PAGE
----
Desolation Wilderness

63,960 acres

Located in the east of California, the Desolation Wilderness sprawls across both sides of the Sierra Nevada to the west of Lake Tahoe. It encompasses 63,960 acres of land jointly managed by the Eldorado National Forest and Lake Tahoe Basin Management Unit (LTBMU).

The Desolation Wilderness is noted for its breathtaking alpine scenery, granite outcrops, glacial lakes, and valleys. Hikers and horseback riders are welcome to explore the area through miles of fantastic trails including sections of the Pacific Crest and Tahoe Rim Trails.

Trails in the Area
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Camping, Permits & Fees

Dispersed camping is generally allowed as long as you camp 100 feet away from water sources, lakeshores, and trails. Group size is limited to 12 people (less in some zones) and 12 stock. Visitors must camp in the zone specified on their permit the first night of the trip. During the rest of the trip it is allowed to change camping locations.

Within 500 feet of Eagle, Grouse, and Hemlock lakes, and the north and east side of Lake of the Woods, camping is only allowed at designated first‐come, first‐served sites that are marked with a brown post bearing a tent symbol. Set up your camp within 30 feet from the post. 

Camping is not allowed at Echo, Woods, and Wrights Lakes.

Don’t forget about Leave No Trace principles, and please follow the area’s rules and regulations.

Rules & Regulations

It is not permitted to build campfires in the Desolation Wilderness. You are allowed to use gas stoves.

Ecology, Geology & History

Mule deer and black bear are frequently seen in this area. Coyote, porcupine, badger, and bobcat are rather common but also elusive, so there is less of a chance to spot them. Fisher, pine marten, red fox, and wolverine roam the Wilderness, too, but they are really rare and park officials encourage visitors to report sightings which will help to learn more about their abundance. Desolation’s rodents are represented by yellow-bellied marmot, golden-mantled ground squirrel, Douglas squirrel, and pika. 

As for the area’s birds, they include the Steller's Jay, Clark's nutcracker, mountain chickadee, blue grouse, mountain, bluebird, American dipper, golden eagle, and others. Rainbow, brook, brown, and golden trout species make homes in the local lakes and streams.

The Desolation Wilderness contains a wide range of ecosystems associated with the range of elevations and soil types. The area's red fir and lodgepole forests are mainly made up of Jeffrey pine, mountain hemlock, western juniper, and western white pine. The wooded areas are mostly clustered within elevations between 7,400 feet and 9,000 feet and become patchy as you climb higher. Another group of plants found in the Wilderness is montane chaparral that includes pinemat manzanita, huckleberry oak, and mountain pride penstemon. The ground surface is mainly composed of bedrock granite and fertile soils are limited to the wet meadows scattered throughout the Wilderness, as well as the lands surrounding lakes and streams. Aspen and willow trees are common there and numerous wildflowers, sedges, and grasses blanket these areas.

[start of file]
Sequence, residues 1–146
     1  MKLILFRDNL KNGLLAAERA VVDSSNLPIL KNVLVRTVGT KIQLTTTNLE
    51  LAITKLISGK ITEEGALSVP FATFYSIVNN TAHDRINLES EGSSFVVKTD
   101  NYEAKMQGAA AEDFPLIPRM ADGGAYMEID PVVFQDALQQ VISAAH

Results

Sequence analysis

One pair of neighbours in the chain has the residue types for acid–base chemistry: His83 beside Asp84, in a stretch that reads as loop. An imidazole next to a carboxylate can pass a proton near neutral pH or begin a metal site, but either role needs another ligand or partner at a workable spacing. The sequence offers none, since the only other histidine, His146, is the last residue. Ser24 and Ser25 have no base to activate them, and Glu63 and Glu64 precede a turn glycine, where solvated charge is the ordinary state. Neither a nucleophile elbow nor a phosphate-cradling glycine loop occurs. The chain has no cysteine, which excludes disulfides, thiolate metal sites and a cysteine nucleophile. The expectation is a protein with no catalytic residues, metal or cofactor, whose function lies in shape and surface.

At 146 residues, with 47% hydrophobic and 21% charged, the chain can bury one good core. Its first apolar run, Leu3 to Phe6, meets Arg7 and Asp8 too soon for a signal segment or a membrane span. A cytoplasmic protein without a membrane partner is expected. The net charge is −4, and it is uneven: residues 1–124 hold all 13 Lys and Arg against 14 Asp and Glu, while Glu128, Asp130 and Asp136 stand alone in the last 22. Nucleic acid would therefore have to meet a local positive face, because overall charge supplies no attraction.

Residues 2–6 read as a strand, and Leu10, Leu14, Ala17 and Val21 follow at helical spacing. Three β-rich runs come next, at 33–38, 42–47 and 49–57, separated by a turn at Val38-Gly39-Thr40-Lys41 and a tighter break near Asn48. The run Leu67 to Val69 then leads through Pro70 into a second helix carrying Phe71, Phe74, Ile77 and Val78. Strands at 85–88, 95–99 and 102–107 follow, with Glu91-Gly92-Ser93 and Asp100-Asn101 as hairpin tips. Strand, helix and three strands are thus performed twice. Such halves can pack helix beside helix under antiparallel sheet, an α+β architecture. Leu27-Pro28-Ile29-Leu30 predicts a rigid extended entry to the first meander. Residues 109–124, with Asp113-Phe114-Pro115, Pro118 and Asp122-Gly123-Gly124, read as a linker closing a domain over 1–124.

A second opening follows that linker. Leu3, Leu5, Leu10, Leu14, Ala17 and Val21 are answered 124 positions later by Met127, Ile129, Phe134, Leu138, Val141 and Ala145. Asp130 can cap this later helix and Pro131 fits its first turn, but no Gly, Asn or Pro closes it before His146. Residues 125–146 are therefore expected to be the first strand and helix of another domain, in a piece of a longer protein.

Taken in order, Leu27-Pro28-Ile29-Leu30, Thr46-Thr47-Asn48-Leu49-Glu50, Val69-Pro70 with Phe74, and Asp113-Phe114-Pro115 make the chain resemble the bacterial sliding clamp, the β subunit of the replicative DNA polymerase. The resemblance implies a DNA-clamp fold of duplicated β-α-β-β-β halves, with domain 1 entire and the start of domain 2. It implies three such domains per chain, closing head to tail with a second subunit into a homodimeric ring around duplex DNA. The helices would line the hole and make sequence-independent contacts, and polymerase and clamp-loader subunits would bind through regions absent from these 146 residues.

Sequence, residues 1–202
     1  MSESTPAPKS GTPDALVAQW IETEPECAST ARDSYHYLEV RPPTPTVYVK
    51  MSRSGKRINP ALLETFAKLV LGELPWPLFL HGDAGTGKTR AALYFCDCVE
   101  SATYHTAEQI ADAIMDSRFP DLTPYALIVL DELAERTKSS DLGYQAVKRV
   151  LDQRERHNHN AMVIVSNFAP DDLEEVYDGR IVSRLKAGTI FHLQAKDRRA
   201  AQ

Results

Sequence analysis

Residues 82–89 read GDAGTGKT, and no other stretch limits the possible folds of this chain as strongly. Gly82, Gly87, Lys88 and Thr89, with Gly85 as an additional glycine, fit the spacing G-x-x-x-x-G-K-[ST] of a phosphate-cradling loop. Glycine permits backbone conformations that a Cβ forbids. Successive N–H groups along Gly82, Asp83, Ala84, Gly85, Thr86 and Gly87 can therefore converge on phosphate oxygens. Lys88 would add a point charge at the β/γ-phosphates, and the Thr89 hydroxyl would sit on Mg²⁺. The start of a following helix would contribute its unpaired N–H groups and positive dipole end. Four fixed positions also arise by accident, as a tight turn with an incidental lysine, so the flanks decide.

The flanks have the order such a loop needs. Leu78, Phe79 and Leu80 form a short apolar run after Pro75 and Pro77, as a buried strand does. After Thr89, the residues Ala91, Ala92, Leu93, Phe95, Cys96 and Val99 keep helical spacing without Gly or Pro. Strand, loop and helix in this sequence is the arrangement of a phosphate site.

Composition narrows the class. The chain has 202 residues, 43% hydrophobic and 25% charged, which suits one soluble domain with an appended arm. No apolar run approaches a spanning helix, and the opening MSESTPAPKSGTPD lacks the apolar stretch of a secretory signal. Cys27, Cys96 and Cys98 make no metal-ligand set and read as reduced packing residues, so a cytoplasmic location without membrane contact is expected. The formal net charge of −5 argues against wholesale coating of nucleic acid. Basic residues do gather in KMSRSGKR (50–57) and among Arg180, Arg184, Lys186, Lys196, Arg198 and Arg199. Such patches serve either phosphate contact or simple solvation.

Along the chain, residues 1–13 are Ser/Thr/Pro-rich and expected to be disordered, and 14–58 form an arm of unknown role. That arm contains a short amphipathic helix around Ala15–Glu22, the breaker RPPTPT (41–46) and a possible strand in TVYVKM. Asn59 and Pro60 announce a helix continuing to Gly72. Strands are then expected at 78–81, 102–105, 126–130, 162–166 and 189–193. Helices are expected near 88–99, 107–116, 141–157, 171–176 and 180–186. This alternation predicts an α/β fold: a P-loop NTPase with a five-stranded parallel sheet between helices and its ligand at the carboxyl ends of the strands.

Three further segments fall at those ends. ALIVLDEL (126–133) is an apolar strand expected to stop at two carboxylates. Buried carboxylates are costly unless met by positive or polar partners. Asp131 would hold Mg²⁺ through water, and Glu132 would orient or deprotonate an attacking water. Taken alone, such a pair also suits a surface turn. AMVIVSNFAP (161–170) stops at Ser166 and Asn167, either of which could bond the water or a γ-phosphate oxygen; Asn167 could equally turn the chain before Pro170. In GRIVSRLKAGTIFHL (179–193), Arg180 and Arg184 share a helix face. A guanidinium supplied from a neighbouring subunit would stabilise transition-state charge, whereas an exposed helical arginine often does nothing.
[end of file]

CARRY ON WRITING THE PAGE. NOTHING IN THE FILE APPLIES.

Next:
Safety, Seasons & Water
  • Please, don’t attempt to touch or feed wildlife in an effort to prevent accidents. Your actions can also put the animals in danger, so keep a safe distance.
  • If you see a black bear, stop, stay calm, and back away. Do not turn your back or run away. You need to look large and scary - stand tall, raise your arms, and make noise! Avoid sudden movements and screaming. If the animal attacks you - fight back.
  • Poison oak is common in the area, so be prepared to identify it and avoid it at all cost. If you do come into contact with it, wash your hands, skin, and clothing immediately with mild soap to prevent a rash.
  • Ticks and mosquitoes can be a problem during the hike, so choose appropriate clothing and don't forget to bring repellents. They are especially active during the spring and summer. Daily tick checks are also highly encouraged.
  • This is also western rattlesnake country, so extra caution should be exercised in warmer months. Watch where you place your hands and feet!
  • The area is prone to storms, so there is a danger of lightning strikes and flash floods. Move into a shelter (ideally a vehicle or fully enclosed building) as soon as you hear the thunder! Be sure to bring rain gear and check weather conditions as you plan your trip.
Contacts, Resources & Closures

Forest Supervisor's Office

Address: 100 Forni Road

Placerville, CA 95667

United States

Phone: 530 303-2412

Operating hours: 8:00 a.m. - 4:30 p.m.

Monday - Friday, year-round

Placerville Ranger District

Address: 4260 Eight Mile Road

United States

Camino, CA 95709

Phone: 916 500-4712

Operating hours: 

  • Summer

8:00 a.m. - 4:30 p.m.

Monday - Saturday

8:00 a.m. - 12:00 p.m. 


  • Winter

Monday - Friday

8:00 a.m. - 4:30 p.m.

Pacific Ranger District

Address: 7887 Highway 50

Pollock Pines, CA 95726-9602

United States

Phone: 916 500-4712

Operating hours: 8:00 a.m. - 4:30 p.m.

Monday - Friday, year-round

Business office only.

Visitor Services are at Placerville RD.

Lake Tahoe Visitor's Center

Address: Visitor Center Road, CA-89 N

South Lake Tahoe, CA 96150 

United States

Phone: 530 543-2674 

Operating hours:  8:00 a.m. - 4:30 p.m.

Open summer only.

Lake Tahoe Basin Management Unit (LTBMU) 

Address: 35 College Dr 

South Lake Tahoe, CA 96150

United States

Phone: 530 543-2600 

Operating hours:  8:00 a.m. - 4:30 p.m.

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